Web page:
March 1, 2020 0 By Horace Mills

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One of the most powerful community-based organizations in the Linstead area of St. Catherine has paused to pay tribute to 50-year-old Wayne Stanbury, a businessman who was shot dead in a Kingston churchyard on February 16.

Up to the time of his death, the Linstead native was the proprietor of Berry-don Financial Services, which operates cambios and a Western Union outlet at 25A King Street in Linstead. He survived a gun attack in his hometown a few months before he was cut down.

The Linstead Community Development Committee (Linstead CDC), led by President Devon Smith, on February 20, did a floral tribute at Stanbury’s business-place.

About 20 members of the organization placed red roses into a vase placed in one corner of the outlet.

Smith, in an address to his colleagues and a few of Stanbury’s workers, said: “We just want to show our gratitude to Mr. Stanbury’s family, staff, the community and all the various persons who would have supported Mr. Stanbury and his business over the years.

“He was somebody who had contributed tremendously to the development of our community,” Smith added, while stating that hundreds of people could attest to the late businessman’s benevolence.

Following the floral tribute, members of the Linstead CDC walked through the town to their office near Linstead Police Station – a relatively short distance away from Stanbury’s business-place.

There, they observed a moment of silence and spoke glowingly of Stanbury’s contribution to the Linstead CDC and to the community.

Vice President of the Linstead CDC, Ruby Tenn, recalled speaking with Stanbury about four days before he was murdered, adding that she had contacted him about sponsoring a television set for a raffle put on by the CDC.

“He simply said to me ‘Mrs. Tenn, consider it done; just drop the [request] letter at the office’,” Tenn said while struggling to hold back tears.

She explained that she left the letter at Stanbury’s Linstead office on Thursday, February 13 – only to be shocked by the tragic news three days later.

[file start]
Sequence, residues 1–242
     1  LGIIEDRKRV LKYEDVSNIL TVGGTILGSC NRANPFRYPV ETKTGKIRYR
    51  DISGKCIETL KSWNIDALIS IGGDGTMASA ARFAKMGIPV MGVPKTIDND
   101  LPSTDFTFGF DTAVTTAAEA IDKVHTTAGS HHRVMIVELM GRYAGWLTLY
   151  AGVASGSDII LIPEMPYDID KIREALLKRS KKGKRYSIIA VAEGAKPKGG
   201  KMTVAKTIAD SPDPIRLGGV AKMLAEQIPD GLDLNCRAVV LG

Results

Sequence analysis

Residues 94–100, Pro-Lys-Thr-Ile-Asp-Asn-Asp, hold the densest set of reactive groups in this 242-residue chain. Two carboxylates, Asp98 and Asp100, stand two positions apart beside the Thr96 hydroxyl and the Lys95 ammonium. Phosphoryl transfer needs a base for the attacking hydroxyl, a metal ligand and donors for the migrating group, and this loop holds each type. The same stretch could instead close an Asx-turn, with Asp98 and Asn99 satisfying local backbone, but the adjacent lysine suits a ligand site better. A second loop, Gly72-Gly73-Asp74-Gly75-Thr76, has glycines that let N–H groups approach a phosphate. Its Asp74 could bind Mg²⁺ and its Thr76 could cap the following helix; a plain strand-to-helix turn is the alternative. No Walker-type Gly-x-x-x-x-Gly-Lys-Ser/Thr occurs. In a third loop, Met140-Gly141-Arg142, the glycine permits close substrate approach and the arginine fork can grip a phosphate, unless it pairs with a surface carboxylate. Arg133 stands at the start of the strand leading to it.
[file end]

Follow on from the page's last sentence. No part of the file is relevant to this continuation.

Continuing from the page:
Tenn also told the gathering that, when she was appointed a Justice of the Peace, Stanbury was the first person to offer her an office space from which to serve the people of Linstead.

“Mr. Stanbury is a friend of the CDC [and] a friend of mine. He is a kind person, loving, friendly; he never passed you on the road. If you don’t see him, he would touch you. If he is passing in his vehicle, he would wave to you,” added Tenn.

Meanwhile, Chairman of Projects at the Linstead CDC, Karen Johnson, said the death of Stanbury is a big loss to Linstead.

“He was a very wonderful, loving gentleman [and] very hugging. Everywhere he saw you he would hug you – the first thing,” she said.

Johnson added that, when she went to Linstead town a day after the killing, she was heartened to hear a group of people talk about Stanbury.

“As they spoke, I understood the magnitude of a man that Linstead has lost,” she said. “I would want to say to the family, our deepest condolences… We want to thank him for loving Linstead the way he did.”

Another person who spoke highly of Stanbury at the meeting was Janet Williams, Chairman of Welfare and Hospitality at the Linstead CDC.

She said she knew Stanbury for many years – even before he ventured into business.

“He was very loving [and] very kind. My neighbour, President of the Mickelton Heights Citizens Association; he was just about everything you could think of. In everything that is worthwhile, Mr. Stanbury has always been involved,” Williams said.

She continued: “They always said that good people never lost long, and we are proving it one more time. Good people never lost long.”

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